JPMorgan’s $2bn loss sends shockwaves through sector

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JPMorgan Chase & Co’s shock trading loss of at least $2bn from a failed hedging strategy knocked financial stocks across the globe yesterday, as well as the reputation of the biggest US bank by assets and its chief executive Jamie Dimon.

For a bank viewed as a strong risk manager that navigated the fallout from the 2008 financial crisis without reporting a loss, the errors are embarrassing, especially given Mr Dimon’s public criticism of the so-called Volcker rule to ban proprietary trading by big banks.

“This puts egg on our face,” Mr Dimon admitted.

He conceded the losses were linked to a Wall Street Journal report last month about a London-based trader, Bruno Iksil, nicknamed the ‘London Whale’, who, the paper said, amassed an outsized position which hedge funds bet against.

JPMorgan had informed the Financial Services Authority (FSA) of the situation, but this was a regulatory requirement and there was no indication at this stage that the regulator would take any action, a source familiar with the situation said. Talks between the bank and the watchdog were continuing.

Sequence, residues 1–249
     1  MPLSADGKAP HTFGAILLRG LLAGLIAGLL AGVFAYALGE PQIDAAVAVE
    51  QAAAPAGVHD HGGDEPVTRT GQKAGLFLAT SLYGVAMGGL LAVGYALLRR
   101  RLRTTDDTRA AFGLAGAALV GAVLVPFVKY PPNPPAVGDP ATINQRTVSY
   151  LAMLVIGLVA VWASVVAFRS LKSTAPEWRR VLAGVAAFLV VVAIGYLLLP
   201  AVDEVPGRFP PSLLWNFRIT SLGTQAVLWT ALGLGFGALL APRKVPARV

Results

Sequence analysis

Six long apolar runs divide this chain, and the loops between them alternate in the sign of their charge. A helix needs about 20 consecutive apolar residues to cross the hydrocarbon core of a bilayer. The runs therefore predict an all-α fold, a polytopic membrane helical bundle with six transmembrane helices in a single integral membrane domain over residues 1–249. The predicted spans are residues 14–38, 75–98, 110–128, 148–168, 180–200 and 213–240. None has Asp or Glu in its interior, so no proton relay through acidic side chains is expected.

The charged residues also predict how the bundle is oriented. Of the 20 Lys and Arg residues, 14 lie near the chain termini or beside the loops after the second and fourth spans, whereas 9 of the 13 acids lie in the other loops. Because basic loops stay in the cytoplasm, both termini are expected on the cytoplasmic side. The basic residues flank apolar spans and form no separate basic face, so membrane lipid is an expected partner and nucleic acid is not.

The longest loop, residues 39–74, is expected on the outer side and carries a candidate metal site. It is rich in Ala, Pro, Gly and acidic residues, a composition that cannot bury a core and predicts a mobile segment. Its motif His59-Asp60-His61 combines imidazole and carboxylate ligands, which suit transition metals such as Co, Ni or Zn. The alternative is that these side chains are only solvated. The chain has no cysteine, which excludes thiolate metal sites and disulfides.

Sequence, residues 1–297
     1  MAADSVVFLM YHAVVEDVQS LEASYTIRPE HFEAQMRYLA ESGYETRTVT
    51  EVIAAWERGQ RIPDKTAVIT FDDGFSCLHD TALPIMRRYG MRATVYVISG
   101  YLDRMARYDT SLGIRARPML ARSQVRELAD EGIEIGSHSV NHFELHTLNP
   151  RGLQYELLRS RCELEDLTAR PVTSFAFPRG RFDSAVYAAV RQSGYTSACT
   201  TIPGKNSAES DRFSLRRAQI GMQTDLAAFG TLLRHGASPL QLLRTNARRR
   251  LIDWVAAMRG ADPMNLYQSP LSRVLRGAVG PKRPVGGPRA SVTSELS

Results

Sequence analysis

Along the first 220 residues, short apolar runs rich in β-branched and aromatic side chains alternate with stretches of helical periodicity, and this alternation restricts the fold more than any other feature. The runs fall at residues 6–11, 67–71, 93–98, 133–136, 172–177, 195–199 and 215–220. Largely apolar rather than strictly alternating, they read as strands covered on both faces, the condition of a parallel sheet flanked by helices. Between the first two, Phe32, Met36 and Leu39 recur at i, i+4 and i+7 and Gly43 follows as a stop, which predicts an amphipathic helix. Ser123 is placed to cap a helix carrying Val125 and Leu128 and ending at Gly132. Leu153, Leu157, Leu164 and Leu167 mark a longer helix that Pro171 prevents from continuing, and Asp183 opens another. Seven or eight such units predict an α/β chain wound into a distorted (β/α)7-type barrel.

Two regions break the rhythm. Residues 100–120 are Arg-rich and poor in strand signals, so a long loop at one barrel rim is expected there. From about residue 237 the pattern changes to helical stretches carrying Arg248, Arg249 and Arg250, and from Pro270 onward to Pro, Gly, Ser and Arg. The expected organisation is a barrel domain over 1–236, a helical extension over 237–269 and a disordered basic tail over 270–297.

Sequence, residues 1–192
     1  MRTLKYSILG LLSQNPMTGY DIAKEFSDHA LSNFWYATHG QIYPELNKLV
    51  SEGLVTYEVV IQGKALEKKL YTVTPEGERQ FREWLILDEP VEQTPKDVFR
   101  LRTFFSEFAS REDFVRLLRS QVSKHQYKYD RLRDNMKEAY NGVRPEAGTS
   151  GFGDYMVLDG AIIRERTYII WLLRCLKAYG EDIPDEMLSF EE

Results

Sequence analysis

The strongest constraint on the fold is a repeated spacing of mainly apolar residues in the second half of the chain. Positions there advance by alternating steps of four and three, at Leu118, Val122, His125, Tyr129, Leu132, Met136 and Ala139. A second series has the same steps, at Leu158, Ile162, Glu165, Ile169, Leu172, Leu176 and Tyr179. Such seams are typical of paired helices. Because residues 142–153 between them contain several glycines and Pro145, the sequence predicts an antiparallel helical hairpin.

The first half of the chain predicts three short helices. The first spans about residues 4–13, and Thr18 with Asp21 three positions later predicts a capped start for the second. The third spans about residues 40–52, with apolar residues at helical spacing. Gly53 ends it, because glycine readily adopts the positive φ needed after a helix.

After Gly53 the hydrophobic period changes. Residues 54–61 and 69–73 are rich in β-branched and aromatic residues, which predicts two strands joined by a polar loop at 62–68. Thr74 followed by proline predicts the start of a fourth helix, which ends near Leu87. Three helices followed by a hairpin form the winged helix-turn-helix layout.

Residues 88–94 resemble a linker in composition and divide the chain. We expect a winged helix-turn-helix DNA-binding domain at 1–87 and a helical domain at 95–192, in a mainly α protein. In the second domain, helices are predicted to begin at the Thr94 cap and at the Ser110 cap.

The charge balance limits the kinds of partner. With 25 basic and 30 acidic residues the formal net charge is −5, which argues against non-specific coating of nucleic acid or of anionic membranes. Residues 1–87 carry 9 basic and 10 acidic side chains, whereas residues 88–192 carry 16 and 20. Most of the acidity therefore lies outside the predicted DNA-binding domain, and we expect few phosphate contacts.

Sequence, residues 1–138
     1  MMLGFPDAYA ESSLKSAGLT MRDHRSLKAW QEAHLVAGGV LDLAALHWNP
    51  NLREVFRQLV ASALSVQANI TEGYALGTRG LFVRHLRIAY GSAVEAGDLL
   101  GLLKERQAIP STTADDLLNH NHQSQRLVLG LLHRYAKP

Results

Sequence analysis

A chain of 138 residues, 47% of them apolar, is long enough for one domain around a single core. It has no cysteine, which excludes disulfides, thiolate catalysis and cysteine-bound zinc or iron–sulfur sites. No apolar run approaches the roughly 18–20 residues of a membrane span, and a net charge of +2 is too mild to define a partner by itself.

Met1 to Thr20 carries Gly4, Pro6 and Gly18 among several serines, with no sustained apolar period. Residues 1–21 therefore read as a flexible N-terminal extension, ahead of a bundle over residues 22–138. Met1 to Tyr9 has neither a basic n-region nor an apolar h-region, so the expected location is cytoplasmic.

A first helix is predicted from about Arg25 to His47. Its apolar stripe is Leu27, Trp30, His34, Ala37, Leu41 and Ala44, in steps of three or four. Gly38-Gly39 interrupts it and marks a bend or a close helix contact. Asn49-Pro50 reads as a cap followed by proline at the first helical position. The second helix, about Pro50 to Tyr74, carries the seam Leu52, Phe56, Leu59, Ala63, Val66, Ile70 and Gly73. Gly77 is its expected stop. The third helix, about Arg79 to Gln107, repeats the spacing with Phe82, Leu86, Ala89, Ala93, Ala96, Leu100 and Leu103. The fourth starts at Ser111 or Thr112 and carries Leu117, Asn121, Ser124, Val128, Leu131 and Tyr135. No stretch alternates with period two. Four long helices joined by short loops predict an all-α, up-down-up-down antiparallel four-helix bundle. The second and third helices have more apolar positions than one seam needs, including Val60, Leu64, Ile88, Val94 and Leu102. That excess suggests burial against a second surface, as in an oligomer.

Mr Iksil, who is French and graduated in engineering from the Ecole Centrale in Paris in 1991, was not immediately available for comment.

JPMorgan’s chief investment office – and Mr Iksil in particular – are well known by credit traders for taking large positions.

He was brought into the CIO unit to head its credit desk, an asset class the unit had not previously covered, a person who worked in the unit said.

It built up credit positions over several years through trades vetted by management and the losses now likely resulted from a combination of these trades, the person said.

These traders say other banks have comparable functions to JPMorgan’s CIO. The French banks, Citigroup, Deutsche Bank and UBS were all cited as examples of large treasury functions that hedge credit exposures in similar ways.

In a Securities and Exchange Commission filing, JPMorgan reported that since the end of March, its chief investment office has had significant mark-to-market losses in its synthetic credit portfolio – these typically include derivatives intended to mimic the performance of securities.

JPMorgan had $2.32 trillion of assets supported by $190bn of shareholder equity at the end of March – an equity ratio of almost 13 per cent.

That is four times the industry mean and ahead of 10-11 per cent at Citigroup and Bank of America Corp.

JPMorgan has been earning more than $4bn each quarter, on average, for the past two years.

“Jamie has always styled himself as one of the kings of Wall Street,” said a banking analyst. “I don’t know how this went so bad so quickly with his knowledge and aversion to risk.”